Whoever designed your board ignored that, so can't really complain that it now doesn't work. Oops.ID_SD and ID_SC PINS:
These pins are reserved for ID EEPROM.
At boot time this I2C interface will be
interrogated to look for an EEPROM
that identifes the attached board and
allows automagic setup of the GPIOs
(and optionally, Linux drivers).
DO NOT USE these pins for anything other
than attaching an I2C ID EEPROM. Leave
unconnected if ID EEPROM not required
Eh?mgregg wrote: I find it disappointing that the specification was changed in a way that breaks older hats.
Turning off i2c_vc=on opens /dev/i2c-1 only. But that port doesn't find anything on that bus if they are plugged into pins 3&5.6by9 wrote:I think bensimmo is probably correct - the very original rev1 PiB 256MB did bring out i2c-0 to pins 3&5 on the 26pin header and your old boards are probably rev1. That changed when production was brought back to the UK, so Sept 2012. All subsequent boards (A+, B+, B2, B3, and Zero) have had i2c-1 on those pins.
The simple answer is do NOT enable i2c_vc=on on a Pi3 - bad things will happen. The 0x43 you are seeing is the GPIO expander (which slightly confuses me as I would have expected pin muxing woes resulting in nothing detected rather than seeing the expander).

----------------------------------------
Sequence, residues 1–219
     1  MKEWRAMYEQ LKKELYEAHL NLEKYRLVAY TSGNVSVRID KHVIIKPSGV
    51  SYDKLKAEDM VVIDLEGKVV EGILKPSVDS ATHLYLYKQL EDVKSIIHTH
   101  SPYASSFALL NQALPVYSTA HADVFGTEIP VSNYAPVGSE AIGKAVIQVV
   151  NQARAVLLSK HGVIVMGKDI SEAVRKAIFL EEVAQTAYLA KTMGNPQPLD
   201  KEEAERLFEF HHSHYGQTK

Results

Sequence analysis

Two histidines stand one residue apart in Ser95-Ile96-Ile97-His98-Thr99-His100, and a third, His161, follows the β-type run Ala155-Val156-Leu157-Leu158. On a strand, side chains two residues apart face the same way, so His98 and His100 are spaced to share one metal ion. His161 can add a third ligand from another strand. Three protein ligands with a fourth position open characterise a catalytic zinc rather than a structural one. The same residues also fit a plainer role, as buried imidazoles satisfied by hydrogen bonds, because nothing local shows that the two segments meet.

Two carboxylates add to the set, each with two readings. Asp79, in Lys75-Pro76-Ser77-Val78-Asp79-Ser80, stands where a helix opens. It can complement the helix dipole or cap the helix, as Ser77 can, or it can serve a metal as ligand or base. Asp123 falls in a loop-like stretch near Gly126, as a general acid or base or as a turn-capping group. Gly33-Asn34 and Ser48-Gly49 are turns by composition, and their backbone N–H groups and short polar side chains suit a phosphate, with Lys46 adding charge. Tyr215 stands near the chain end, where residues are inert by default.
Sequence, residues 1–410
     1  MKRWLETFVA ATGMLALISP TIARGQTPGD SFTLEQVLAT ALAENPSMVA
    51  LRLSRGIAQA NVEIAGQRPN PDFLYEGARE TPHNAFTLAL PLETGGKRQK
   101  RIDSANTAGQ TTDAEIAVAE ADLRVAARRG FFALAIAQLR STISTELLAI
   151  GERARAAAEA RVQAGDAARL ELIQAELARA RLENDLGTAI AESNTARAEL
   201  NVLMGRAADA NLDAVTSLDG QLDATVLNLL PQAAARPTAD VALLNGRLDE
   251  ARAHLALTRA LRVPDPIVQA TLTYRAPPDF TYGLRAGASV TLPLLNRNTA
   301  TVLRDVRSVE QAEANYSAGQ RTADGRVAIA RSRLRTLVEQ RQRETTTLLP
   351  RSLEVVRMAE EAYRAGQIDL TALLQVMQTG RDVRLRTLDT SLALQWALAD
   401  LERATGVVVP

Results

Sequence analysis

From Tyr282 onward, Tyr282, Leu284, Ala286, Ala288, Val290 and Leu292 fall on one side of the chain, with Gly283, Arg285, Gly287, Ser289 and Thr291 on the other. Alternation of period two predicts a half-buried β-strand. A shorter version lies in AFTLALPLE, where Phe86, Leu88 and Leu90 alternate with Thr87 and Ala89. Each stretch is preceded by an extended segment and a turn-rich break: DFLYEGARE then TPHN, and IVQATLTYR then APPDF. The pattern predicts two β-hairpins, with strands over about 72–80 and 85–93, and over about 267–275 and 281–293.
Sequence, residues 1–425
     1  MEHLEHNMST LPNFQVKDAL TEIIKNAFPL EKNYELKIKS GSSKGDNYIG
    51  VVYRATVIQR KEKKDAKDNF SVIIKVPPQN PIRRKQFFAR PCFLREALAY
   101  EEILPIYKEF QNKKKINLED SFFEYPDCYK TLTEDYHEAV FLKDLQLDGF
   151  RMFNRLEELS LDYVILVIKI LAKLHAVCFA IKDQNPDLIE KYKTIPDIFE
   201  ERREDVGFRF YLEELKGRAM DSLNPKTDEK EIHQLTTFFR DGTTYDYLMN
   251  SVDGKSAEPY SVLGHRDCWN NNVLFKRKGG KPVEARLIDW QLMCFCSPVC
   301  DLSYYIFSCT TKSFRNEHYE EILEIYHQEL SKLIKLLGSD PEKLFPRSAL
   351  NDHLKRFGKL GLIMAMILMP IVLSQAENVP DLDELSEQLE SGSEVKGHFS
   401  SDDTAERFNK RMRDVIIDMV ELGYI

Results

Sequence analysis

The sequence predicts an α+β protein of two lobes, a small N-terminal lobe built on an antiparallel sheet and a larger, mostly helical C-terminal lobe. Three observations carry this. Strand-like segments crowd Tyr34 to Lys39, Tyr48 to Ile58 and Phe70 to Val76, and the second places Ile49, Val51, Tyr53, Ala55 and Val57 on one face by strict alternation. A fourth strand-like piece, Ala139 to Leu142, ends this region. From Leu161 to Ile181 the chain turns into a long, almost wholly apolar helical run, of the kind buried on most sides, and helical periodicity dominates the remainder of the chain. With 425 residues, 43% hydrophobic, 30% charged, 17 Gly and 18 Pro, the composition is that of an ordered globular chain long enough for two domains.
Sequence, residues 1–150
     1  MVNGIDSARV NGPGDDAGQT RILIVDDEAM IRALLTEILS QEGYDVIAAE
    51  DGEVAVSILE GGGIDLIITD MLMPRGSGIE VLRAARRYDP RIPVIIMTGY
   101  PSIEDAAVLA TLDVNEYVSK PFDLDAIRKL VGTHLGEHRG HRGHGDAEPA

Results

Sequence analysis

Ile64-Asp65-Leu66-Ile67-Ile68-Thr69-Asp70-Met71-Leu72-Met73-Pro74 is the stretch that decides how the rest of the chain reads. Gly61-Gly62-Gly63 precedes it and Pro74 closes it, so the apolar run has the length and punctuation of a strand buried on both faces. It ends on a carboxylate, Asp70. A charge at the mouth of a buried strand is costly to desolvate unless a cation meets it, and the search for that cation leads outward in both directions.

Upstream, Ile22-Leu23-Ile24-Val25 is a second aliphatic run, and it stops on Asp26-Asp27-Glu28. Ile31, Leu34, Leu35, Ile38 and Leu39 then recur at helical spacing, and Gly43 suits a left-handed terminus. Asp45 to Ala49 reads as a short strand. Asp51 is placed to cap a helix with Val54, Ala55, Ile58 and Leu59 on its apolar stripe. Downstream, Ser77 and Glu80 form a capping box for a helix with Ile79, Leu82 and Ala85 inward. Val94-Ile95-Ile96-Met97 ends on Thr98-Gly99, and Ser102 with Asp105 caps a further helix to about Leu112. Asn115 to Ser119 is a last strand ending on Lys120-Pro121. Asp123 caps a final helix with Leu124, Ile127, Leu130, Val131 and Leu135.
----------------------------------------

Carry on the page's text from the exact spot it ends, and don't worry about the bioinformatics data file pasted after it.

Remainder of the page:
/dev/i2c-1 is brought out on pins 3&5 of the 40 pin header, and that is available for use by your application.
If you need to support both, then you will need to check the board revision yourself and open /dev/i2c-0 or /dev/i2c-1 based on that. In neither case should you need i2c_vc=on, as i2c_arm=on will enable the correct device for your board revision.
Correct. i2c_arm=on will enable /dev/i2c-1 on all revisions of the Pi, except on the 256MB rev1 model B from 2012 where it enables i2c-0.mgregg wrote:Turning off i2c_vc=on opens /dev/i2c-1 only.
Details of what you've done then. Many many people are using i2c-1 on pins 3&5 without issue.mgregg wrote:But that port doesn't find anything on that bus if they are plugged into pins 3&5.
You need to provide a load more information then. No one else can see your setup.mgregg wrote:I'll be happy if you can prove me wrong.
Sorry, that is absolute twaddle.mgregg wrote:It looks as though if you have i2c on pins 3&5, without software i2c, you cannot use those devices.
It's also possible to use wiringPi's "gpio readall" command** to provide a similar check.6by9 wrote: ...
- Check with "sudo raspi-gpio --get" that GPIOs 2&3 are assigned to ALT0 and therefore SDA1 and SCL1. No other GPIOs should be assigned to the SDA1 or SCL1 function, otherwise you will get issues.
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